A Limited Liability Partnership (LLP) is similar to an ordinary partnership – i.e. it comprises a number of individuals or limited companies that share in the risks, costs, responsibilities and profits of the business – but an LLP limits the burden on individual partners in relation to business liabilities. Members of an LLP are not individually responsible for the debts of the business as a whole. The liability of each member is limited to the amount of money they have invested in the business and the value of any personal guarantees they have given in order to raise finance.
As with ordinary partnerships, an LLP must only be used for businesses that are intended to make a profit. Members usually remain self-employed, pay tax on the profits they receive and are responsible for their own National Insurance Contributions.
There must be at least two members in an LLP. There is no maximum limit to the number of members. A minimum of two members must be ‘designated members’, who have additional legal obligations such as various reporting responsibilities and filing accounts with Companies House. If no members are specified as designated members on incorporation, all members will be deemed to be designated members. Members can be individuals or limited companies, although limited companies will be liable to pay Corporation Tax on their share of the LLP’s profits. LLPs are not of themselves subject to Corporation Tax.
Advantages of an LLP
Aside from protecting the personal assets of members through limited liability, an LLP allows members to organise the internal structure of the business in the same way as an ordinary partnership. LLPs are commonly used for partnerships in which members may be at risk in the event of another member’s negligence or mistake, such as firms of surveyors, solicitors and accountants. It is possible to buy and sell property in the name of the LLP.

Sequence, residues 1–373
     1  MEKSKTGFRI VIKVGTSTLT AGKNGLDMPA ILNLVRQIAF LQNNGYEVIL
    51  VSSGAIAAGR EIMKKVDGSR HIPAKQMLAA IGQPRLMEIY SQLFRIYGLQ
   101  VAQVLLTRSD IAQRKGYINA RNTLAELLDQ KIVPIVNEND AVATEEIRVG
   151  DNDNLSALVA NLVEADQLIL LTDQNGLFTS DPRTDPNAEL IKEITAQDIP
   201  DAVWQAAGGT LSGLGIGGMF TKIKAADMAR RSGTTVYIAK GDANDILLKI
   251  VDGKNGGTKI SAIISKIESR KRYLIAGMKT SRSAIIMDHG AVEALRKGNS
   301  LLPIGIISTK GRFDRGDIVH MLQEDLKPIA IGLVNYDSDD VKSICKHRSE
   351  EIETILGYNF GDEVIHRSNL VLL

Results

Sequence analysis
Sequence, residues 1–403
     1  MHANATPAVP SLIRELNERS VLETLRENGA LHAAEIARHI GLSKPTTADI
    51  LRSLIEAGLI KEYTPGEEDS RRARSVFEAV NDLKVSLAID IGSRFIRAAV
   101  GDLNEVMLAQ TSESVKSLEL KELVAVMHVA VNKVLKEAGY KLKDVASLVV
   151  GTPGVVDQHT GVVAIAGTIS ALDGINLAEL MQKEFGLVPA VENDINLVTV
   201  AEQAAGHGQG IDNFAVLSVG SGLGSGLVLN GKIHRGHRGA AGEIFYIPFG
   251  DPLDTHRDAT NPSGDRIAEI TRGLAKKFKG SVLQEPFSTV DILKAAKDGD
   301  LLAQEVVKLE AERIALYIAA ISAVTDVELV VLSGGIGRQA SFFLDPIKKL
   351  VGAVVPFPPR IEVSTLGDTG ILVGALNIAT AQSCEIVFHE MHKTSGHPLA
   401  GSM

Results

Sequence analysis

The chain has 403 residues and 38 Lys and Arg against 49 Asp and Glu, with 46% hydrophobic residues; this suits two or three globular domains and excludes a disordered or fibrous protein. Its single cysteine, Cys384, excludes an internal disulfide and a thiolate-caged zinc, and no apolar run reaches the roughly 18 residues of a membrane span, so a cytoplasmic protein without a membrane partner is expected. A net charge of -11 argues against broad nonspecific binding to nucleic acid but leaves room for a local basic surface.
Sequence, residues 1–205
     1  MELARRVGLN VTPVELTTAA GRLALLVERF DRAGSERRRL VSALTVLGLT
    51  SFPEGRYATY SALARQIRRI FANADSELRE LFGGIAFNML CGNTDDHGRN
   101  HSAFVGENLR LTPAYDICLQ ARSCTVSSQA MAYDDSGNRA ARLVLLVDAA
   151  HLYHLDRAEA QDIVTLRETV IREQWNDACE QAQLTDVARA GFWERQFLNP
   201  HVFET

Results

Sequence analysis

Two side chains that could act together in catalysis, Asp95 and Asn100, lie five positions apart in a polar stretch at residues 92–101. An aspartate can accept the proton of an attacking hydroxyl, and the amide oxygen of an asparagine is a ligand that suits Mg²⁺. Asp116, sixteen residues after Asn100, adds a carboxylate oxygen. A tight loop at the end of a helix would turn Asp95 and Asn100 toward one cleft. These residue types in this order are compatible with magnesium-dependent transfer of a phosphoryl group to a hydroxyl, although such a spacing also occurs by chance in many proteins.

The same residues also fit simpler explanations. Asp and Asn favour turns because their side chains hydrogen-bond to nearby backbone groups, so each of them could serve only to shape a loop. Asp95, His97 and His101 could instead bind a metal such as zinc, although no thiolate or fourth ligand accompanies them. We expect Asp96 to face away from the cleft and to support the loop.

Disadvantages of an LLP
When incorporating an LLP, similar obligations arise to those that apply to the incorporation of a limited company. It is necessary to register an LLP in England and Wales with Companies House. A set of accounts and an annual return must be sent to Companies House each year, and HM Revenue and Customs (HMRC) must be sent an annual tax return. In addition, the full name of the LLP must be displayed on stationery and outside all its offices and the address of its registered office, registered number and place of registration (e.g. England and Wales) must be included on all the LLP’s order forms, letters and on electronic communications such as emails, faxes and its website.
One member of the LLP should be nominated as being responsible for completing the Partnership Tax Return and accompanying Partnership Statement, which shows how profits or losses have been apportioned amongst the members. Although this nominated member is responsible for producing this information and filing it with HMRC, all members are liable for any mistakes or fines for incorrect or late filing.
Although it is not a legal requirement of incorporation, it is highly advisable to have in place an LLP Agreement that sets out the rights and obligations of each member. In the absence of a partnership agreement, the provisions of the Limited Liability Partnerships Act 2000 will apply, but this does not address many of the issues that arise in the management of an LLP and could in fact conflict with the way in which you and the other members wish to run the partnership.
A partnership agreement typically covers how much capital each member puts into the business, the way that profits and losses are to be apportioned, whether any partners take a salary, working arrangements such as minimum hours, the attribution of tasks, how key decisions are made and how many partners are required to make them, and what happens when a partner joins, leaves or dies.
Contact us if you would like to discuss whether an LLP is the right legal structure for your business.